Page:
The Thing (review)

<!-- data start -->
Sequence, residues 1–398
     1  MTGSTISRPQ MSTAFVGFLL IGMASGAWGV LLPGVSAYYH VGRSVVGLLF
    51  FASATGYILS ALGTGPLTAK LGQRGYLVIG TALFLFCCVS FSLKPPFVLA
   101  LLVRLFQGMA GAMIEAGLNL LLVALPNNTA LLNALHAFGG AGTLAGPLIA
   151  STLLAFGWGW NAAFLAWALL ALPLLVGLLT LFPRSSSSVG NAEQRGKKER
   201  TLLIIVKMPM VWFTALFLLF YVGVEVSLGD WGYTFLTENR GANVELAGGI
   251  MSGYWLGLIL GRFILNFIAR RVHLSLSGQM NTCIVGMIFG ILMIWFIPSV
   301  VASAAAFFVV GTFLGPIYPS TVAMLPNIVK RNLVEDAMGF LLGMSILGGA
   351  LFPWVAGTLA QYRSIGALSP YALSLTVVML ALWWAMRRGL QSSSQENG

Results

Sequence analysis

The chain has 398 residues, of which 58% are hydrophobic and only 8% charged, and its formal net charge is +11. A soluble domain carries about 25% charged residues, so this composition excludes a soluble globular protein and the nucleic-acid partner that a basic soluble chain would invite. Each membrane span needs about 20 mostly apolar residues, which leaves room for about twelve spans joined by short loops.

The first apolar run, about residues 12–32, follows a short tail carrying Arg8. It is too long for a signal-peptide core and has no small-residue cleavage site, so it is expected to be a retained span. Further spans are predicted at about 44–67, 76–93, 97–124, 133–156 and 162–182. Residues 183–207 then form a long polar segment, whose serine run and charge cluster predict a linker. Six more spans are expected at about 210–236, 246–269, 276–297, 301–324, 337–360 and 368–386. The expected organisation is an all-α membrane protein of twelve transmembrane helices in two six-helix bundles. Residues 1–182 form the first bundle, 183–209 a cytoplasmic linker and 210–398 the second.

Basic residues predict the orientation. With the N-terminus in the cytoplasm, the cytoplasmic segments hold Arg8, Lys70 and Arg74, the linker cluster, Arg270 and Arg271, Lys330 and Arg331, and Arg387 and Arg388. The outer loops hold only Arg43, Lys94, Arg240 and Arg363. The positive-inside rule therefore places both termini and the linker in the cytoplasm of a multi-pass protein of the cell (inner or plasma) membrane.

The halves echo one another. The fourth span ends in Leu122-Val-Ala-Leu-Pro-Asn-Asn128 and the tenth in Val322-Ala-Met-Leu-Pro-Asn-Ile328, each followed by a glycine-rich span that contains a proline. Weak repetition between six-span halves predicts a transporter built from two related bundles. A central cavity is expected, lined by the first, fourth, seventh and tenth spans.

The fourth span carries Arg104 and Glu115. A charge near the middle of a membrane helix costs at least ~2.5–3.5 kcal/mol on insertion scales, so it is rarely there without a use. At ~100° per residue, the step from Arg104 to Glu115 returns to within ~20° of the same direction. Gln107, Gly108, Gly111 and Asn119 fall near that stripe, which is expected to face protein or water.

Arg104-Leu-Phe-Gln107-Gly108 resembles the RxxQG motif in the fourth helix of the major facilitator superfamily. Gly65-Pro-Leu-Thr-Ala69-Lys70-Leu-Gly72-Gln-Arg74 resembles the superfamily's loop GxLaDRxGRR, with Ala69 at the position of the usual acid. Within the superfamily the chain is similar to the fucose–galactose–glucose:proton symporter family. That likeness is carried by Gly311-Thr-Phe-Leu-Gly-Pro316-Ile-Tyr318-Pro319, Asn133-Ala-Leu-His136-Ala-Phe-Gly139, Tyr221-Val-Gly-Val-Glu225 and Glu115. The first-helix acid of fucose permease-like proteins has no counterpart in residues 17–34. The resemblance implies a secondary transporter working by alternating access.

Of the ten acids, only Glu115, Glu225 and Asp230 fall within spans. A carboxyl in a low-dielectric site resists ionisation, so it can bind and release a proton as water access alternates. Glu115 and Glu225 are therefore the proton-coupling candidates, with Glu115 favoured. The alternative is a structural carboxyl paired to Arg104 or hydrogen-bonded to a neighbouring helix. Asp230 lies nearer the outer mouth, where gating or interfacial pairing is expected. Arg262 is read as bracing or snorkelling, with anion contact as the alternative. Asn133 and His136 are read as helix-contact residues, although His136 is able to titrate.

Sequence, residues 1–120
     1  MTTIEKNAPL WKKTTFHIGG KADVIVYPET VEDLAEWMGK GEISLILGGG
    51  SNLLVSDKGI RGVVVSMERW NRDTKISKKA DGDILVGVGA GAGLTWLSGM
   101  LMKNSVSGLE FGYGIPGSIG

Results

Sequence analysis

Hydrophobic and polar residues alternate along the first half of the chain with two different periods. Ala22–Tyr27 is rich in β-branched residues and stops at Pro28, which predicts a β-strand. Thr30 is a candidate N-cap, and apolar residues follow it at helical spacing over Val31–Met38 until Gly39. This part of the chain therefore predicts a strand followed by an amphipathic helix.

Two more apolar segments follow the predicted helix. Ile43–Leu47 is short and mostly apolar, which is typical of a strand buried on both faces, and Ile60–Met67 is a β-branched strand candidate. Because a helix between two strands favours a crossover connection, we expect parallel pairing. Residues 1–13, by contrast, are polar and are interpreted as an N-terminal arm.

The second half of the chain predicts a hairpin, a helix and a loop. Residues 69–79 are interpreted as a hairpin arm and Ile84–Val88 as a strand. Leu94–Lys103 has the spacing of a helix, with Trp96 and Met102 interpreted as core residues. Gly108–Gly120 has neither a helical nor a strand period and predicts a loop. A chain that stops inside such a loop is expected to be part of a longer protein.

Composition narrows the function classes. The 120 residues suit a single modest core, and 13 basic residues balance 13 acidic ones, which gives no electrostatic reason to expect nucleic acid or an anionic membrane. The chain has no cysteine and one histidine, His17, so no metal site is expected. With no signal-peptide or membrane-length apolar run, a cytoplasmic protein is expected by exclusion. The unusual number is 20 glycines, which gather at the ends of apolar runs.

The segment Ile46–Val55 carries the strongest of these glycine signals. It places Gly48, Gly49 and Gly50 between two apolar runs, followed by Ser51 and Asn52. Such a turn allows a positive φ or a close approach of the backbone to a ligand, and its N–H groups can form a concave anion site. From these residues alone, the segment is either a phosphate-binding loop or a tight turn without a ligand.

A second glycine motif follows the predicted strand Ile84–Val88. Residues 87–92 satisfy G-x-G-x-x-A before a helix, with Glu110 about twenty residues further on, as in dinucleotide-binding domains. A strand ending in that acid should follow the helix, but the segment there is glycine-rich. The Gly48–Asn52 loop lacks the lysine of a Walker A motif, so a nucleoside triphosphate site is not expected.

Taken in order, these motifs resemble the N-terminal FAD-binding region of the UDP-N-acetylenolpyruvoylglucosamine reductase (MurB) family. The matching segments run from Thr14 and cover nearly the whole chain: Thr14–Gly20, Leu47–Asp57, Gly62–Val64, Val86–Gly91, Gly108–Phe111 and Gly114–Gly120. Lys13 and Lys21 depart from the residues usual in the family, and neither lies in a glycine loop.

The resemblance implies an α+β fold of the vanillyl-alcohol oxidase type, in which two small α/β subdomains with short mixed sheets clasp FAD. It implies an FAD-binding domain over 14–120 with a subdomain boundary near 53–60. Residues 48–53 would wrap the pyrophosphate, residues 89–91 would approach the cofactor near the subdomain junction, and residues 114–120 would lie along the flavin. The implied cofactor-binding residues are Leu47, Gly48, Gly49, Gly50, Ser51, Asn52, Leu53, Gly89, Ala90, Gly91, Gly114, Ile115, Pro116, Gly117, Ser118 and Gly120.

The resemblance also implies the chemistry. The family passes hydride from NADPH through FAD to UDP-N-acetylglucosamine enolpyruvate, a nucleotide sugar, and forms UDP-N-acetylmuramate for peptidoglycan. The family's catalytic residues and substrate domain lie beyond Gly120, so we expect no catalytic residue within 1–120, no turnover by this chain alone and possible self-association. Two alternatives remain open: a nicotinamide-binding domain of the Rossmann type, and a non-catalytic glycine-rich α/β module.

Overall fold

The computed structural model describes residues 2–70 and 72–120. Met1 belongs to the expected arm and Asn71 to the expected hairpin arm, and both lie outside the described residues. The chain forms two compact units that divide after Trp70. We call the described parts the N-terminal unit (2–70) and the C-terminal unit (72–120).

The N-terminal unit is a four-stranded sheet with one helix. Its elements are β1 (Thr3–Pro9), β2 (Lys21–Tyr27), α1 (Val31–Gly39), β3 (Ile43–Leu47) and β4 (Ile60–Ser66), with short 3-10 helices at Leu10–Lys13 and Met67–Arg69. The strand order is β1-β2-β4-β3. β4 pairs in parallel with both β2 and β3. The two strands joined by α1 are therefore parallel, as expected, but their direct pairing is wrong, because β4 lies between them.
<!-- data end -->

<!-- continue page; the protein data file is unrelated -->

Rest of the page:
The beauty and the wonder of science fiction is that the genre allows almost any kind of story to be told, and by its very nature has room for breathtaking creativity and wild invention. And yet cinematic science fiction keeps telling us the same stories over and over again… in this case, that’s the literal truth. This useless, entertainment-free xerox copy of John Carpenter’s 1982 film of the same name purports to be a prequel, in that it wants to tell the story before the story, and in the process ruins the wonderful mystery by lifting a veil that didn’t need to be lifted and then offering nothing in the least bit interesting or even varying from the story we already know. Seriously: everything that happens at the Norwegian Antarctic research station in the wake of the resident scientists’ discovery of an alien spaceship buried in the ice is practically beat for beat what will happen at the American base a few days later, as depicted in Carpenter’s film. But while screenwriter Eric Heisserer appropriates 1982’s plot, director Matthijs van Heijningen Jr. either cannot be bothered or is completely incapable of replicating the menacing paranoia and claustrophobia Carpenter brought to his film. (Van Heijningen has never made a feature film before, and, I would argue, he still hasn’t. Heisserer is also responsible for Final Destination 5 and the 2010 iteration of A Nightmare on Elm Street, and thus appears to epitomize the career of a Hollywood screenwriter: success comes by steadfastly refusing to have an original idea. I’m sure both have many big-budget studio projects lined up. Beware.) The cast mostly appears bored and fully aware of how wasted they are, including Mary Elizabeth Winstead (Scott Pilgrim vs. the World) as some sort of paleobiochemist brought in to be Ellen Ripley, and the usually incandescent Joel Edgerton, his vigor dampened, who seems positively itching to do something with his role as a helicopter pilot. No such luck, dude. The logical inconsistencies in the plot are, therefore, barely worth mentioning, though I will bitch about an ending that is less ambiguous than it is plain unforgivable… unless someone is intending to continue the story in a film that would be sequel to both this and Carpenter’s 1982 flick. If there’s any reason at all for this movie to exist, it’s that: to set up a franchise we desperately do not need.